Medication Safety

How to Choose a Good Drug Induced Injury Lawyer?

Finding a good drug injury lawyer or attorney can sometimes be complicated, an inexperienced lawyer can make rookie mistakes that can cause a victim of a drug-induced injury to lose out completely. In contrast, an experienced drug injury lawyer can secure a favorable judgment in a case that looks seemingly difficult or impossible to win.

There are many experienced lawyers across the country. The following qualities will help you pick a good drug injury lawyer that will help you successfully pursue your case:

Previous history of success in drug injury cases: Whether it is a case of drug-induced liver injury or kidney damage, the appropriate level of experience in the pharmaceutical and medical device sector is one of the most critical criteria in selecting a drug injury lawyer. You want a lawyer with a track record of success with your type of problem. Such a record of experience will increase the likelihood that the attorney can help resolve your problem successfully.

Read client testimonials and real-life case studies to find out exactly how the lawyer has been able to help people who were affected in a similar way to yourself. It is also a good idea to look out for any statistics and data on the lawyer’s website that back up their claims of achievement such as the monetary amount in damages obtained for clients within a given time period, and their success rate in settling cases. Experienced drug injury lawyers will be accredited within their field of expertise. Look out for evidence of recognition and accreditations.

Communication skills: Many legal issues involving drug injury arise from miscommunication.  Data indicates that of the 23,000 medical malpractice lawsuits filed between 2009 and 2013, communication failures were a contributing factor in 7,149 of those cases, amounting to 30% of the total. That percentage was responsible for 1,744 deaths, $1.7 billion in hospital costs, and 37% of high-severity injury claims. You will not want double jeopardy when it comes to communication with your lawyer.

Attorneys are paid to communicate with their adversaries and those sitting in judgment of their cases. Equally important, however, is finding a lawyer who can effectively communicate with you. You want an attorney who anticipates your questions and keeps you abreast of the developments in your case without you having to call first.

The attorney should have the ability to communicate in an organized and understandable manner. The attorney should have a good “bedside manner” and have good judgment as to when in-person communications or e-mail is most appropriate. The attorney should also realize that over-communicating may be unnecessary and not cost-effective.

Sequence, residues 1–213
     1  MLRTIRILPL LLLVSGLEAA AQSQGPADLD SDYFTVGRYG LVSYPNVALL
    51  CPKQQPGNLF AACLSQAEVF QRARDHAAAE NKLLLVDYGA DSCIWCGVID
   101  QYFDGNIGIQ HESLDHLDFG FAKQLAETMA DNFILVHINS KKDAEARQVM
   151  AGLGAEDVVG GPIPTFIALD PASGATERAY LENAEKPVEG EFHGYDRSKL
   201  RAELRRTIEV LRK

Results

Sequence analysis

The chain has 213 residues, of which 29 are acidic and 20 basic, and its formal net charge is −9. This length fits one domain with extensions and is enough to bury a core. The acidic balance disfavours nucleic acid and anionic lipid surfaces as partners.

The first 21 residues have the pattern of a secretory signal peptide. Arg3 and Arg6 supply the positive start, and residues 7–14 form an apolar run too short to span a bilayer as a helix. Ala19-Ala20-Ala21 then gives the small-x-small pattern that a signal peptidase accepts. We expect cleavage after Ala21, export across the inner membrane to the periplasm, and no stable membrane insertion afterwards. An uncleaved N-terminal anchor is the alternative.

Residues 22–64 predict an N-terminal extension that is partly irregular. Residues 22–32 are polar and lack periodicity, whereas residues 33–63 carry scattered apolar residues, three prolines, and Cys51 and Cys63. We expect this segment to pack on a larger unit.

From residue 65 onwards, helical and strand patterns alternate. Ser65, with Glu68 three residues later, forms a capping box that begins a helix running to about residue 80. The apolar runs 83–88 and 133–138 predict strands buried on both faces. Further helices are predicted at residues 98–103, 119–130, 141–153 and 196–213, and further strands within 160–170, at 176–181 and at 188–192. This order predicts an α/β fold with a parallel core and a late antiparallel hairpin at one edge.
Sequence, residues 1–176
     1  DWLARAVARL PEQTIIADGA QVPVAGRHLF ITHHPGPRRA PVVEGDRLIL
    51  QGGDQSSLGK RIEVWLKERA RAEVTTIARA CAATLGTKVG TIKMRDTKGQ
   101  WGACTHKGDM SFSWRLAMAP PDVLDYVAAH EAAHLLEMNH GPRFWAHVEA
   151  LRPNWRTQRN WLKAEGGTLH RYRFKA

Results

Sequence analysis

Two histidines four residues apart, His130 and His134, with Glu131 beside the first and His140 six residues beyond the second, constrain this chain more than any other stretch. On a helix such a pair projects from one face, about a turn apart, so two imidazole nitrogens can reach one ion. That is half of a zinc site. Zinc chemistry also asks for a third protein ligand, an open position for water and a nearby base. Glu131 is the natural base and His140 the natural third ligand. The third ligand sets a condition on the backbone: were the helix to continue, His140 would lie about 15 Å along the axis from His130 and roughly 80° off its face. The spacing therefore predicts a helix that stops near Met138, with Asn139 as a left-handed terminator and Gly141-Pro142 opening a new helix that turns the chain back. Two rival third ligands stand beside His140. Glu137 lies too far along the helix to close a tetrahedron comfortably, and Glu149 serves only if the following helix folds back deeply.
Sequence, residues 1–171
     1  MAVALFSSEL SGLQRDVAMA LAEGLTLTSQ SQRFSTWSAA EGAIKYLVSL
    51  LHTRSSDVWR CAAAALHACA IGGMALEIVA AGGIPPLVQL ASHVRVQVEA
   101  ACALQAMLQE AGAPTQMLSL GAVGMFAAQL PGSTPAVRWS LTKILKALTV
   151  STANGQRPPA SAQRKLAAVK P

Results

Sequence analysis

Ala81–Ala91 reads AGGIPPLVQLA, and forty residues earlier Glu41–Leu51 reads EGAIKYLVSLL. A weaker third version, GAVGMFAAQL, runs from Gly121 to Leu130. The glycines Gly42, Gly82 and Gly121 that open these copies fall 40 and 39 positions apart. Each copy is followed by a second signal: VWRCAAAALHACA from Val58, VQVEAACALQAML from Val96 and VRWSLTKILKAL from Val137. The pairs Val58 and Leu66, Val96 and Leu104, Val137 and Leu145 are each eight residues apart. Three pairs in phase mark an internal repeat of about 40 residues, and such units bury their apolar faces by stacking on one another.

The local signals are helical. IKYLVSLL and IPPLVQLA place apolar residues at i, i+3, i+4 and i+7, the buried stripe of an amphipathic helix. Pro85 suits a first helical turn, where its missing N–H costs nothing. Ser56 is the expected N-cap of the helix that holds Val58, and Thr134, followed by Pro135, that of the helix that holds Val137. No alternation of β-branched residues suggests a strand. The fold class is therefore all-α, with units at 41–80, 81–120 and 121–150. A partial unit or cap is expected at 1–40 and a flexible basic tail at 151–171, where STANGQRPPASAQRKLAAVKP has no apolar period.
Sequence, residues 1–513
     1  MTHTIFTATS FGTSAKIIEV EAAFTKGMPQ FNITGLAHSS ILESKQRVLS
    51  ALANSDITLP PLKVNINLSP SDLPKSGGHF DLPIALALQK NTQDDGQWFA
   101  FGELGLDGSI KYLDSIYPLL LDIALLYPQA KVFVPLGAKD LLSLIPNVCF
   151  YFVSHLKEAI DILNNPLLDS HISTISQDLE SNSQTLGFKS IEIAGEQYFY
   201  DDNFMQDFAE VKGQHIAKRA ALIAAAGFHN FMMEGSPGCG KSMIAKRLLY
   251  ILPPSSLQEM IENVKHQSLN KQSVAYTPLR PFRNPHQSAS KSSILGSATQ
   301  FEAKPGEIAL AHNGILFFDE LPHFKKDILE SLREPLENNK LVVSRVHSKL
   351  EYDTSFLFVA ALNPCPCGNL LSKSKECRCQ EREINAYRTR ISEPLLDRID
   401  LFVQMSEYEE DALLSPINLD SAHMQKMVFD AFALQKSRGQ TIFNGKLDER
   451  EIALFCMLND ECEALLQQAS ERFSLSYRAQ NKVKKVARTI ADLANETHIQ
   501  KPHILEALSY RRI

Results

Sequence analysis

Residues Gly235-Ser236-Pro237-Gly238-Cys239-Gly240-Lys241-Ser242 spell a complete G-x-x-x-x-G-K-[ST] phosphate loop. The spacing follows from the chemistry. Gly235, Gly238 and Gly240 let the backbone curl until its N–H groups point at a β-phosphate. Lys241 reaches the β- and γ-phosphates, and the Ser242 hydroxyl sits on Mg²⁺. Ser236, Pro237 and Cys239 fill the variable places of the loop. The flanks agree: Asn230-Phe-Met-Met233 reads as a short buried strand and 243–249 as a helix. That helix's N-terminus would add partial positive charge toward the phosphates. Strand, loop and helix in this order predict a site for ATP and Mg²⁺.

Geographic consideration: Drug laws vary by state. This means you should look for someone in your area who is familiar with the region’s legal requirements.  If you happen to live in a rural area with limited resources, you can use other methods of contact, such as phone or email, to discuss smaller issues. With larger legal matters, or for long-term counsel, it’s important to find someone close to you so that you can develop a trusted, face-to-face relationship.

Obviously, length of service, number of drug injury cases and geographic area, and prior results are important matters to consider in evaluating the attorney’s “geographical experience.” Along with experience comes knowledge of the adversaries and personalities involved in a case cumulative wisdom and perspective to evaluate risks and develop winning strategies related to a particular problem and confidence to steer you through the twists and turns of the legal process.

Cost of litigation: When it comes to drug injury, the cost will be a factor when you’re choosing an attorney. How much you are willing to spend is up to you. You can gather more information beforehand by asking the lawyer for a quote, as well as how they bill their clients. It could be an hourly fee, a flat rate, a contingency fee, a negotiable fee, or possibly even a retainer for future fees.

Find out if the fee includes expenses (such as shipping, filing, and travel) because these costs are not always treated the same and could be billed separately.

If you are not satisfied with the quote or the cost does not suit your budget, shop around and ask the same questions. When you do settle on a firm or a lawyer, always make sure the cost terms are clear and don’t be afraid to talk about price, so there are no surprises. You may even wish to confirm all costs in a written agreement.

In the alternative, you can opt to join a class-action lawsuit against the pharmaceutical or medical device company. A class-action lawsuit is a civil lawsuit brought on behalf of a group of people or business entities who have suffered common injuries as a result of the defendants’ conduct, with at least one individual or entity acting as a representative of that group. It does not cost anything to be part of a class action. In most class actions, the lawyers handling the case only receive a fee if they obtain a favorable result. In general, any legal fees will be deducted from the settlements or court award.


Dr. Oche Otorkpa PG Cert, MPH, PhD

Dr. Oche is a seasoned Public Health specialist who holds a post graduate certificate in Pharmacology and Therapeutics, an MPH, and a PhD both from Texila American University. He is a member of the International Society of Substance Use Professionals and a Fellow of the Royal Society for Public Health in the UK. He authored two books: "The Unseen Terrorist," published by AuthorHouse UK, and "The Night Before I Killed Addiction."
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